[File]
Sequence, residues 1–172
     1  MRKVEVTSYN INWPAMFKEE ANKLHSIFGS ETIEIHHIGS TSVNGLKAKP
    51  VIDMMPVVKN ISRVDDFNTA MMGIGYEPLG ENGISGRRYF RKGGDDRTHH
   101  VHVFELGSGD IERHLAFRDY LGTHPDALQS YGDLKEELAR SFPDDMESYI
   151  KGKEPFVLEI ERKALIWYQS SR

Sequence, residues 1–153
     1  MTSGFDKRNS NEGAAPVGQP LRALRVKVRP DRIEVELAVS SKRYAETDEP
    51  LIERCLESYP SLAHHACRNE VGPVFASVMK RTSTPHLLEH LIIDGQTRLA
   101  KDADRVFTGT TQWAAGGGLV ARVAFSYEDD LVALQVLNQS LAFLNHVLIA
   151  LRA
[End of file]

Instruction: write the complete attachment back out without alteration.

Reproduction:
Sequence, residues 1–172
     1  MRKVEVTSYN INWPAMFKEE ANKLHSIFGS ETIEIHHIGS TSVNGLKAKP
    51  VIDMMPVVKN ISRVDDFNTA MMGIGYEPLG ENGISGRRYF RKGGDDRTHH
   101  VHVFELGSGD IERHLAFRDY LGTHPDALQS YGDLKEELAR SFPDDMESYI
   151  KGKEPFVLEI ERKALIWYQS SR

Sequence, residues 1–153
     1  MTSGFDKRNS NEGAAPVGQP LRALRVKVRP DRIEVELAVS SKRYAETDEP
    51  LIERCLESYP SLAHHACRNE VGPVFASVMK RTSTPHLLEH LIIDGQTRLA
   101  KDADRVFTGT TQWAAGGGLV ARVAFSYEDD LVALQVLNQS LAFLNHVLIA
   151  LRA